By Bezaitis, Athan G.
Aging Today , Vol. 29, No. 4
The facts about falls in the United States speak loud and clear. According to the Centers for Disease Control and Prevention, treating elders for the adverse effects of falls in 2000 cost more than $ 19 billion that year in the United States: $12 billion for hospitalizations, $4 billion for emergency room visits and $3 billion for outpatient care. Medicare pays for most of these expenses. The Centers for Medicare and Medicaid Services projects that by 2020, direct-treatment costs from elder falls will escalate to $43.8 billion a year.
Loss of life, the onset of disability and the burden of exorbitant medical costs have done little to raise awareness of the issue. Adding insult to injury, experts estimate that up to 30% of falls are avoidable. An important sign of progress on fall prevention was the passage by Congress of the Safety of Seniors Act, signed into law by President Bush in April. (For more details, see the article by Bonita Lynn Beattie elsewhere in this "In Focus" section.) Although this legislation identifies key strategies for reducing falls, such as better training for professionals and targeting of at-risk groups, Congress has yet to fund the provisions of the bill.
The enactment-and eventual funding-of the new law will go a long way toward knitting together the numerous fall-prevention efforts around the United States, according to Jon Pynoos, codirector of the Fall Prevention Center of Excellence (FPCE), a consortium of four organizations based at the University of Southern California's Andrus Gerontology Center.
Throughout the United States, the largely community-based infrastructure for fall prevention has little cohesion, according to Pynoos. The current patchwork of outreach initiatives varies by target population served, geographic location, services provided and funding source. Until recently, most interventions have been implemented with varying degrees of success in doctor's offices, patients' homes, hospitals, nursing homes, senior centers and specialized research centers. The long-term goal for Pynoos and other advocates is to establish and coordinate model fall-prevention programs that other organizations can replicate and sustain throughout the United States.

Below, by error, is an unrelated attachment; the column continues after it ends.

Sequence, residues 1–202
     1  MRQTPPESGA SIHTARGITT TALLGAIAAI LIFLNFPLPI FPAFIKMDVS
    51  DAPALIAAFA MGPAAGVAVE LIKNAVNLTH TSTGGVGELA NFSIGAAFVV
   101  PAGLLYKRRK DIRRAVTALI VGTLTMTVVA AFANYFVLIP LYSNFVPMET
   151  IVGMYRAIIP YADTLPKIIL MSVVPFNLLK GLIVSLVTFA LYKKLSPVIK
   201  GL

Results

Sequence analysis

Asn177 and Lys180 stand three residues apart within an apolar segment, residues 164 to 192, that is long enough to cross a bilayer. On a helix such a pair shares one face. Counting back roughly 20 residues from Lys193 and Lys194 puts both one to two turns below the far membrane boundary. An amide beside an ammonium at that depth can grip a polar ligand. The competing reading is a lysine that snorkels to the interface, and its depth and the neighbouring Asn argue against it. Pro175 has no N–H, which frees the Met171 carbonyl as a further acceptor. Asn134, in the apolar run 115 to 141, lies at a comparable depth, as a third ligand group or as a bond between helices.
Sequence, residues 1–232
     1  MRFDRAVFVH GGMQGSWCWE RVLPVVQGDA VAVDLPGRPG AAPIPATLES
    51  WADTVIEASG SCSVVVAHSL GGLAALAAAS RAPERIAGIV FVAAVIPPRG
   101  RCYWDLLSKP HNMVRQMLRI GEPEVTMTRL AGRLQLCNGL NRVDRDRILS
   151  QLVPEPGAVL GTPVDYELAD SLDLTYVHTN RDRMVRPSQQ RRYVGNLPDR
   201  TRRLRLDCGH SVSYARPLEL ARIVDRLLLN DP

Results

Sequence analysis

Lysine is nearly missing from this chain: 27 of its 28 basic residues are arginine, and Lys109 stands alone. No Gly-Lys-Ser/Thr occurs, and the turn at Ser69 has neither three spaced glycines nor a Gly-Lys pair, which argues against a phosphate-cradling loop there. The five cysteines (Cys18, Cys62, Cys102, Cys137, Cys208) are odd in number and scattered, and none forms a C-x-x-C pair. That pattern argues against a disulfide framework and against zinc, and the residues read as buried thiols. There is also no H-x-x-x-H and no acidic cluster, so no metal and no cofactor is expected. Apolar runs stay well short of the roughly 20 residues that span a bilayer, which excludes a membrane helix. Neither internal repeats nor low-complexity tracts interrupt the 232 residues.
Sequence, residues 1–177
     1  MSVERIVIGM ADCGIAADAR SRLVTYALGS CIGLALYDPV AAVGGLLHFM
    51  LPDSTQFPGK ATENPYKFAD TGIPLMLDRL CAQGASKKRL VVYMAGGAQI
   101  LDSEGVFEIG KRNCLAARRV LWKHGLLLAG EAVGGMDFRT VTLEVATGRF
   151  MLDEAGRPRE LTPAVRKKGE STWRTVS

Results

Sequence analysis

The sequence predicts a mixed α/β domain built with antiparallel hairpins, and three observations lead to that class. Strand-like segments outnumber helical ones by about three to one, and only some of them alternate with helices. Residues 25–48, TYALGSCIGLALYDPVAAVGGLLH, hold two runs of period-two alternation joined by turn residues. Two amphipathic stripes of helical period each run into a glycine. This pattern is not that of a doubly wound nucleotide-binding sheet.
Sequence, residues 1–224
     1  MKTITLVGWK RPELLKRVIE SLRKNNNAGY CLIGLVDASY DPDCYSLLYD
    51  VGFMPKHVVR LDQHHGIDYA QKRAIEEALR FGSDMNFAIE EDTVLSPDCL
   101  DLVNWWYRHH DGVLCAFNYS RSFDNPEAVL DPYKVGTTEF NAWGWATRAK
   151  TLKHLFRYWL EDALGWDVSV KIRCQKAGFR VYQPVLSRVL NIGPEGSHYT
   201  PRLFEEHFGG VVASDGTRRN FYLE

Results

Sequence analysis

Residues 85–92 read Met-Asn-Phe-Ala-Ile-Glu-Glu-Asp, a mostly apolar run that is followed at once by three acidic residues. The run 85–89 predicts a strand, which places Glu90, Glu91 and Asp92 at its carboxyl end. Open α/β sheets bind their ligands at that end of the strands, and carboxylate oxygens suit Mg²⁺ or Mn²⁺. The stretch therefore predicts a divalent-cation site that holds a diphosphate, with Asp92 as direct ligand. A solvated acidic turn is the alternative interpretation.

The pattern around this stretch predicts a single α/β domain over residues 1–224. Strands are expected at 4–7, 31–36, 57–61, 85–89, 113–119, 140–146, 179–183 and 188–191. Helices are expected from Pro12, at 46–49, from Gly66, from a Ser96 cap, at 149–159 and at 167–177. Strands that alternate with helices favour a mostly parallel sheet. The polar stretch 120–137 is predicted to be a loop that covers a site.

Research has shown that the gold standard for fall prevention is a multifactorial approach requiring input and analysis from three medical professionals. Although ostensibly expensive, a fall-prevention evaluation should include a physical examination performed by a doctor; a progressive exercise regimen implemented by a physical therapist; and an environmental precautions analysis, especially of potential home hazards, conducted by an occupational therapist. The medical evaluation of at-risk individuals requires a physician to analyze risk factors, such as medications, vision, gait and fall history. Following this assessment, the doctor recommends appropriate types and levels of exercise.
"Major dangers for falls are the socalled intrinsic risk factors, or those coming from an individual-as opposed to the extrinsic or environmental risk factors," said FPCE codirector Laurence Rubenstein, who also codirects the UCLA/VA Greater Los Angeles Healthcare System, long run by the University of California, Los Angeles, and the Veterans Affairs hospital system. "The most important intrinsic risk factors are muscle weakness and gait or balance problems. A person with these factors has a three-to-four-times greater likelihood of falling as someone without them," he said.
Other important risk factors are also known to nearly double the likelihood of a fall, Rubenstein said. These include functional impairment of daily activities, depression, cognitive impairment, being age 80 or older, or taking psychoactive medications. Some of these deficits can be improved with proper detection and treatment adjustments, he noted.
Rubenstein added that the majority of older adults do not exercise regularly, and 35% of people ages 65-plus fail to participate in any leisure activities at all. …